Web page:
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Other Sleep Disorders

The various forms of sleep apnea and other types of sleep disordered breathing are not the only physiological intrusions on a good night. Sleep researchers have assembled a compilation of sleep disorders that offers 44 pages of apneas and other problems with breathing buttressed by 179 pages of other interferences with slumber.

Some of the disorders are familiar, at least in name, such as sleep-walking and bed-wetting. Others are rare and alarming, such as "exploding head syndrome," in which the sufferer hears a loud bang inside the head just as he or she is falling asleep or awaking during the night.

Here are some of the most significant disorders.


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Under normal circumstances, the waking and sleeping patterns of human beings, like those of animals, are established by an internal clock that is set by the continuing cycle of daylight and darkness. Humans, however, began long ago to tinker with the natural cycle, first by introducing artificial light, first firelight, candles and oil lamps, more recently, electric lights. People in developed countries are now so swathed in artifice that they are virtually cut off from zeitgebers, environmental signals to the body. One study suggests the average American is in contact with sunlight only 21 minutes a day. In some people, circadian rhythms are further challenged by rapid travel across times zones, creating jet lag, and by jobs in which the work-shift times constantly change. Two of the most common CR disorders are advanced and delayed circadian rhythm, the one leading to early morning insomnia, the other to an inability to get up on time. Talk About Sleep offers more information about circadian rhythm and its challenges. Wikipedia and the American Academy of Sleep Medicine are also useful resources.


Half of all adults are said to have wrestled at some time during their lives with insomnia, that is, difficulty with initiating sleep or staying asleep as long as they felt they needed to. According to some experts, 10 percent of adults suffer from chronic insomnia, insomnia that affects them most of the time for a month or more. By most accounts insomnia is a symptom rather than a disease in itself. Improving one's sleep hygiene by following the 10 Commandments of Healthy Sleep can often quell insomnia, and if it's worry that's keeping you awake, one recommendation is that you write down your worries in a journal before bed. Then they're on paper rather than churning around in your head. PubMed Health, emedicinehealth.com, and Wikipedia offer more useful information about insomnia.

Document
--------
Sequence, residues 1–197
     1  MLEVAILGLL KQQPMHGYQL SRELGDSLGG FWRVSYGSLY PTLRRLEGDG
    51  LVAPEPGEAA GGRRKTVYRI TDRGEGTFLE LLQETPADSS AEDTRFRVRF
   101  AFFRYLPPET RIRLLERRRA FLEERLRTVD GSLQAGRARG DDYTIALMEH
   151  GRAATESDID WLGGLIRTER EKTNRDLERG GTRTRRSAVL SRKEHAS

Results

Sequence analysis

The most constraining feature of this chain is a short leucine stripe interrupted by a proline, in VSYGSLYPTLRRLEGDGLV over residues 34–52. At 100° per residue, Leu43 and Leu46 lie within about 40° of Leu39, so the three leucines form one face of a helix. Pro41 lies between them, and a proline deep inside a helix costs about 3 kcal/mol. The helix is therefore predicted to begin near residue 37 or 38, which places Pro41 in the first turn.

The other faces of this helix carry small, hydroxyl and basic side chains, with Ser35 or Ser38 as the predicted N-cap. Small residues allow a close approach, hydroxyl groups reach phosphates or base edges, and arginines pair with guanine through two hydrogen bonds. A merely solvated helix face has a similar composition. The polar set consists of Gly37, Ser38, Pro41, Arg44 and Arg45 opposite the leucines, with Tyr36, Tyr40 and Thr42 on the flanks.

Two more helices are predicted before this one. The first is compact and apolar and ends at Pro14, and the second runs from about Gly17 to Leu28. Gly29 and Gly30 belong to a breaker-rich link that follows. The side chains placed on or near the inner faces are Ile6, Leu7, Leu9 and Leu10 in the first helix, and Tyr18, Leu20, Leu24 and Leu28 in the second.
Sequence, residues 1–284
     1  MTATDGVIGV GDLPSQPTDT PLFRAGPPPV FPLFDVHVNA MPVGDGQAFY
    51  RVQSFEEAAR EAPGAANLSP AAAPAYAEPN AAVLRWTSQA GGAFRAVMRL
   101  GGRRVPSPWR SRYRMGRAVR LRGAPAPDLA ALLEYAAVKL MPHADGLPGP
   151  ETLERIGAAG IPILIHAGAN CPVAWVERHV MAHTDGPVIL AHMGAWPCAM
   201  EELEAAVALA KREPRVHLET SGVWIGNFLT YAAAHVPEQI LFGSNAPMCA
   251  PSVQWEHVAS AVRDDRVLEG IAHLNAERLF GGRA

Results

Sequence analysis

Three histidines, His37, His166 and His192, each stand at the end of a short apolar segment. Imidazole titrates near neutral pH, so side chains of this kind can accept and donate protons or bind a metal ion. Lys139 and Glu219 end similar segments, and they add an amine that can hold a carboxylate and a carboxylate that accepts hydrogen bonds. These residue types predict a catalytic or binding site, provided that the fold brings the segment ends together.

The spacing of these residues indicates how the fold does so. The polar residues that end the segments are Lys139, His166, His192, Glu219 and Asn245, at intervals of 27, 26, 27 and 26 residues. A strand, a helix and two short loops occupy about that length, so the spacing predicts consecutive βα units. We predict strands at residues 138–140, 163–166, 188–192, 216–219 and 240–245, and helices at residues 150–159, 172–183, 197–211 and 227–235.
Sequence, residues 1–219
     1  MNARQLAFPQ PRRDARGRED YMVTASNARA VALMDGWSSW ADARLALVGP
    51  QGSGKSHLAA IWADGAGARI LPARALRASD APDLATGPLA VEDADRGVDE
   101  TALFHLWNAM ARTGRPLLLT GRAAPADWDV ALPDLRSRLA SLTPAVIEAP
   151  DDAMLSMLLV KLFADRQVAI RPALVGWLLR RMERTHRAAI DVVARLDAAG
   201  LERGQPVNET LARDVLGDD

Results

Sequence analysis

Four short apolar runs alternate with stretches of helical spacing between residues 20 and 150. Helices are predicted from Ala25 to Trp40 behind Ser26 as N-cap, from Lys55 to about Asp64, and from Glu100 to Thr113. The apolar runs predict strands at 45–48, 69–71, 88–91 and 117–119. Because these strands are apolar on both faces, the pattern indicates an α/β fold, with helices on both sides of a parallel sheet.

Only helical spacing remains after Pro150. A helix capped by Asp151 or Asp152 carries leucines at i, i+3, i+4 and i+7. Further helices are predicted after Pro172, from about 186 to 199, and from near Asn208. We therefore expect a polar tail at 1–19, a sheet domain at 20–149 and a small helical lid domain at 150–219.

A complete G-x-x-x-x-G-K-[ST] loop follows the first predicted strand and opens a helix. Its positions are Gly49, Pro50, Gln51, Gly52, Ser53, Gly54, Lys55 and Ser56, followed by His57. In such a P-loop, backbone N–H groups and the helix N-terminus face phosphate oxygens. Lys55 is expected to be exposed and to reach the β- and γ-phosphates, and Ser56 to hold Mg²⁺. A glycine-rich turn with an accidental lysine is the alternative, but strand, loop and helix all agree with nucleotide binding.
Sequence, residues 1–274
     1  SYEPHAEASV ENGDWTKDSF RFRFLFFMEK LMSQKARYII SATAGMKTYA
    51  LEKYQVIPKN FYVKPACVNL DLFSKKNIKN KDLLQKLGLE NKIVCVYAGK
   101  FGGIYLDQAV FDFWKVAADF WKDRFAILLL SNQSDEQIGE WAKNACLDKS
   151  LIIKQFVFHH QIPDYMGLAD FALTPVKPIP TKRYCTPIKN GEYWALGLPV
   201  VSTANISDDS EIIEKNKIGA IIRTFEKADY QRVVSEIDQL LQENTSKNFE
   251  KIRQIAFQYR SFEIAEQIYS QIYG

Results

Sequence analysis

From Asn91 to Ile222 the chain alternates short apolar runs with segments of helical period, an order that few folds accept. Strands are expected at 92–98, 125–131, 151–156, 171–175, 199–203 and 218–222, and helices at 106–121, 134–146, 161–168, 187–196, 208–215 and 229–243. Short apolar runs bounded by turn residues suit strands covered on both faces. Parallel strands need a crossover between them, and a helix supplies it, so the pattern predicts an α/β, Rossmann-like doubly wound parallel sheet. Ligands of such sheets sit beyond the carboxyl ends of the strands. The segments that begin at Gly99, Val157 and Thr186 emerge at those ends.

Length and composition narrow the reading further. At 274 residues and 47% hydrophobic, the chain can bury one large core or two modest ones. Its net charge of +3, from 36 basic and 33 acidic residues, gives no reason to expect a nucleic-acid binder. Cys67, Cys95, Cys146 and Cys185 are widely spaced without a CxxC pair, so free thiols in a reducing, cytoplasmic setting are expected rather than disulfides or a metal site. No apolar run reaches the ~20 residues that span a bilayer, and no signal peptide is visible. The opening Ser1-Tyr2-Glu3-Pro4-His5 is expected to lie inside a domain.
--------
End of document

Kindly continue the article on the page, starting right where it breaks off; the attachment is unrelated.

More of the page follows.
Narcolepsy is an incurable neurological disease perhaps genetic in origin. Its primary symptom is excessive daytime sleepiness, sleepiness sometimes so overwhelming that the patient cannot resist falling asleep. The sleep that ensues may last less than a minute to in rare cases up to an hour. The onset of the disease generally occurs in adults in their 20s and 30s, although narcolepsy is occasionally seen in children. In rare cases it may appear in adults in their 50s.

As the disease progresses, attacks may be accompanied by cataplexy, a sudden, severe muscular weakness; by hallucinations, often alarming, as the patient falls asleep or awakens; and by sleep paralysis, a condition in which the patient is unable to move while falling asleep or awakening--and is fully aware of the situation. Some researchers believe narcoleptic hallucinations and paralysis may lead some patients to believe they have seen ghosts or been abducted by aliens.

While narcolepsy is incurable, it can be managed by drugs and alterations in life style. Some patients experience fewer symptoms after they reach their 60s. Other sources of useful information are the Narcolepsy Network,  Mayo Clinic and the National Institute of Neurological Disorders and Stroke.


Restless legs syndrome, also known as Willis-Ekbom Disease, an overwhelming urge to move one's legs, sometimes accompanies sleep apnea. In most cases the urge is immediately relieved by movement. The urge most frequently sets in during the evening, especially upon going to bed, and thus it can interfere with going to sleep. The Restless Legs Foundation was organized specifically to raise awareness of the syndrome and improve the available treatment for it. More information is available at the National Institute of Neurological Disorders and Stroke and at Wikipedia.


Parasomnias comprise a wide variety of undesirable physical and emotional reactions that occur during sleep or at the intersection of sleeping and awakening. Night terrors, or sleep terrors, can be quite troublesome, especially when they lead the sufferer, often a child, to leap up and run around wildly, possibly injuring himself or herself. It is impossible to console the sleeper during the event, and usually no recollection of it survives until morning. More familiar parasomnias are enuresis (bed-wetting) and somnambulism (sleep-walking), which tend to be more common among children. A particularly disturbing parasomnia is rapid-eye-movement sleep behavior disorder, a phenomenon in which the sleeper freed from the normal paralysis of REM sleep is able to act out dreams and nightmares. The disorder can lead to the sleeper's injuring himself or a sleeping companion or damaging the surroundings. Victims of the disorder are usually older men; its onset is sometimes a first symptom of dementia. Wikipedia, the Cleveland Clinic, and eMedicine offer useful additional information about parasomnias.